[8, 9] Does RCW 84.40.020 interpret the public records disclosure act? That statute reads in part: "All real property in this state subject to taxation shall be listed and assessed every year, with reference to its value on the first day of January of the year in which it is assessed. Such listing and all supporting documents and records shall be open to public inspection during the regular office hours of the assessor's office: Provided, That confidential income data is exempted from public inspection pursuant to RCW 42.17.310." It is argued by the Snohomish County Prosecuting Attorney as amicus curiae that this statute is unconstitutional as it seeks to amend or repeal part of Initiative 276 because the two statutes allegedly contain irreconcilably conflicting provisions about the public's ability to inspect and copy assessor's records pertaining to real property taxes. We do not reach these arguments because RCW 84.40.020 seeks to interpret RCW 42.17.310 as it relates to real property listing and assessment records. The two acts were enacted within a short time of each other; RCW 84.40.020 was passed in the legislative session immediately following the passage of Initiative 276. Laws of 1973, ch. 69. Because the two statutes relate to one another and the same subject matter, we will "read the sections as constituting one law to the end that a harmonious total schema which maintains the integrity of both is derived." Beach v. Board of Adjustment, 73 Wn.2d 343, 346, 438 P.2d 617 (1968). When the 1973 amendment to RCW 84.40.020 is read in pari materia with RCW 42.17, no significant departure from the public disclosure act is apparent. The legislature apparently sought in 1973 to remove any confusion created by the passage of the public disclosure act in RCW 42.17.310(1)(c) regarding the disclosure status of real property listing and supporting documents in the possession of assessors. It did so by stating a more specific and supplemental rule to the disclosure provisions of RCW 42.17. It explicitly established that a protected area of privacy would be "confidential income data." The overall policy of RCW 42.17 must be read into the 1973 amendment to RCW 84.40.020.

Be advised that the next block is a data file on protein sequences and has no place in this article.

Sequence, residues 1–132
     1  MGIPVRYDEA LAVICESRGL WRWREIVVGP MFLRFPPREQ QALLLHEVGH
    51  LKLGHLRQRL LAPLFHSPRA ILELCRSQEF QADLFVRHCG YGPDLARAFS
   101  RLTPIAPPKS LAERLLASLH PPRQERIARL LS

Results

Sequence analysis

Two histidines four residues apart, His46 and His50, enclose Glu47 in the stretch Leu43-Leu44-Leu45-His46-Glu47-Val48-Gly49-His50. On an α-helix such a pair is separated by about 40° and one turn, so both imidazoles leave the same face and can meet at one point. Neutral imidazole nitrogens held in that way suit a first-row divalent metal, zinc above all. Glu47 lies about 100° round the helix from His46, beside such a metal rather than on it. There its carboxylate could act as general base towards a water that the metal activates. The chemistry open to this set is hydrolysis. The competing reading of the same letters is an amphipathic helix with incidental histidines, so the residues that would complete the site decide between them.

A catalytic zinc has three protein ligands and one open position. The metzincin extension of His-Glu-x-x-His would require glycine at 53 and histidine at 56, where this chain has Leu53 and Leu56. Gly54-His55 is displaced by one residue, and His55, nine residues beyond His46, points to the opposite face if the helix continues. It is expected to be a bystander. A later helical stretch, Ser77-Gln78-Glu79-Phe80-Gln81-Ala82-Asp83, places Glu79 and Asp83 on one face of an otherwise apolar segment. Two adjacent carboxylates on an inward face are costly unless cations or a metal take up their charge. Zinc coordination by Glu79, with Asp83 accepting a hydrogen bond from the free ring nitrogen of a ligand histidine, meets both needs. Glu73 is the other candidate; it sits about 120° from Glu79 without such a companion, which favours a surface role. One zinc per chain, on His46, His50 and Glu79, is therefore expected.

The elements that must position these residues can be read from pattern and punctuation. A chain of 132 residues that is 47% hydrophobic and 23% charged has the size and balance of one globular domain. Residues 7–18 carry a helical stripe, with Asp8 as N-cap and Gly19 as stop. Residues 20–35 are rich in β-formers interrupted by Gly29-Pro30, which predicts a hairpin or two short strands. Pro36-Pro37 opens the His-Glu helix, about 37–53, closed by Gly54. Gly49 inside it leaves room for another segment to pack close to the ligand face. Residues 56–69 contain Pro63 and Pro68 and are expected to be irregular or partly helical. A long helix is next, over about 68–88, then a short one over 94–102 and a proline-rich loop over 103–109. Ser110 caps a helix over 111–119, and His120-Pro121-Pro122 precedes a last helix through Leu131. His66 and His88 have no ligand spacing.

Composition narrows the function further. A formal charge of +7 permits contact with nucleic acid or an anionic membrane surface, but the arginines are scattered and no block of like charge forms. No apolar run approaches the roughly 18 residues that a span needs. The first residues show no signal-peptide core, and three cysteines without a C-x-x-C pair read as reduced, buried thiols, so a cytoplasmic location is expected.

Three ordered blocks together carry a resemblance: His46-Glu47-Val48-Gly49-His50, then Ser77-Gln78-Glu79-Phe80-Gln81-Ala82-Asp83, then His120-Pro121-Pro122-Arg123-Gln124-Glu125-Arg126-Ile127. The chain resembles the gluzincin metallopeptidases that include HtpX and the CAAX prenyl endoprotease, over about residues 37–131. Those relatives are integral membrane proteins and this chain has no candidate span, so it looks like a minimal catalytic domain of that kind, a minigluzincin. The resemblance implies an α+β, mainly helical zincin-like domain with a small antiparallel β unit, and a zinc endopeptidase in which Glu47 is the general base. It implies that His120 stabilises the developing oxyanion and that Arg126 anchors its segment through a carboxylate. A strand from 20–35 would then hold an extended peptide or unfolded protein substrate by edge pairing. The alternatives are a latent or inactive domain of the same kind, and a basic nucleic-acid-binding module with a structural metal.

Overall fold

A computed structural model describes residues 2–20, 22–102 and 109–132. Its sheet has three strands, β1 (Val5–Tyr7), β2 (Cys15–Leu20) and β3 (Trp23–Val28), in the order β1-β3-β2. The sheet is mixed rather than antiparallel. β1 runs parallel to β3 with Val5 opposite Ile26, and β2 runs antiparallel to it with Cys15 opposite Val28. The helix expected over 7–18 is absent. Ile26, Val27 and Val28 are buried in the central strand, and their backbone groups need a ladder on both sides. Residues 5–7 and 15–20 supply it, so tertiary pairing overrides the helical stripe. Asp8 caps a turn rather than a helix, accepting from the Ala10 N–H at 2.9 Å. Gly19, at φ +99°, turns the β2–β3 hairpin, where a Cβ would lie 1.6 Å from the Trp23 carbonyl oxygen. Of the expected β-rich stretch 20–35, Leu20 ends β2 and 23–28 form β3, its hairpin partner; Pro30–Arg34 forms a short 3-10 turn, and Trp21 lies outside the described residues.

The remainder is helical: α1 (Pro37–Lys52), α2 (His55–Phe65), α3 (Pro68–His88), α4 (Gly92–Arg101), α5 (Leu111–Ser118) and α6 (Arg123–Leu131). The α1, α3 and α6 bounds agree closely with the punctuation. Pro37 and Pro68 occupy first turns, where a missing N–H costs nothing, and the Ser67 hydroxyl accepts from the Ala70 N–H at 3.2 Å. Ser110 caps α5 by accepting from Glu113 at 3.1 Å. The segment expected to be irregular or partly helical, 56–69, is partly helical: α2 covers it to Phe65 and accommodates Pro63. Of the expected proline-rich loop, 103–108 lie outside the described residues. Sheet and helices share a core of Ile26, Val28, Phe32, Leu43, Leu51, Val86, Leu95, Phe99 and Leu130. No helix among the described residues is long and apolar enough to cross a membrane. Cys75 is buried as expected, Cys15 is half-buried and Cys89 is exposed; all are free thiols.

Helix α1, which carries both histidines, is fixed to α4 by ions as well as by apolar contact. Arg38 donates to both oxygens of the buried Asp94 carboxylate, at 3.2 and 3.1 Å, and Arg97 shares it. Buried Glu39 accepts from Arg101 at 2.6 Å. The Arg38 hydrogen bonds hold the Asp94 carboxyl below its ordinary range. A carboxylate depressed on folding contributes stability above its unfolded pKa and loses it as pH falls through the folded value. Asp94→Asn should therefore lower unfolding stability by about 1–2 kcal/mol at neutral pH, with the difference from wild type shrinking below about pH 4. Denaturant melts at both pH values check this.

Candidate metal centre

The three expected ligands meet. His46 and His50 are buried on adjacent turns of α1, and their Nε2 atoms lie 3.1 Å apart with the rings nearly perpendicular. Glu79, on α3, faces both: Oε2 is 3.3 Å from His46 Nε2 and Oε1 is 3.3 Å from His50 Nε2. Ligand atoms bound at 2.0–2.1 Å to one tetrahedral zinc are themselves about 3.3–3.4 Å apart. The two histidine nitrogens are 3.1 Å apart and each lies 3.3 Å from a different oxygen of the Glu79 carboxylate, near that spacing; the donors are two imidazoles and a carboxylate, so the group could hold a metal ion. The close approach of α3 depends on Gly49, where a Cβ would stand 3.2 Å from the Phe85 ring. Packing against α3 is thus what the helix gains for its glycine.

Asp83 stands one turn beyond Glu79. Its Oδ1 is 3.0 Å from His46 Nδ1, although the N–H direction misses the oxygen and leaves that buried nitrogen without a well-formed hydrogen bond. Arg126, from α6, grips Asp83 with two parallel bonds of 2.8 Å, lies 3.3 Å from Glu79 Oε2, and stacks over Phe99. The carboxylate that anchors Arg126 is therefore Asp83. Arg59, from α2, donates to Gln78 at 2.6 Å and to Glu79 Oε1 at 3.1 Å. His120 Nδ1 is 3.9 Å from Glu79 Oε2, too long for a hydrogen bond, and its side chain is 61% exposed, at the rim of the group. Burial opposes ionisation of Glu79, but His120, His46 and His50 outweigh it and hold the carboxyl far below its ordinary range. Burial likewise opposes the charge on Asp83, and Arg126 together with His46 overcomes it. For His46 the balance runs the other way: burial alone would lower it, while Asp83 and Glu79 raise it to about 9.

Our discussion of RCW 42.17 has been directed to the philosophy of that act as it applies to tax records generated and maintained in the process of administration of ad valorem taxes. We do not comment on specific problems raised by the act as applied to excise taxes administered by the Washington Department of Revenue under RCW Title 82. Neither do we forecast what the action of the trial court must be in its hearing in this case on the remaining issues before it. Significant issues, including a determination of whether appellant will be subject to the punitive provisions of the act, remain for decision.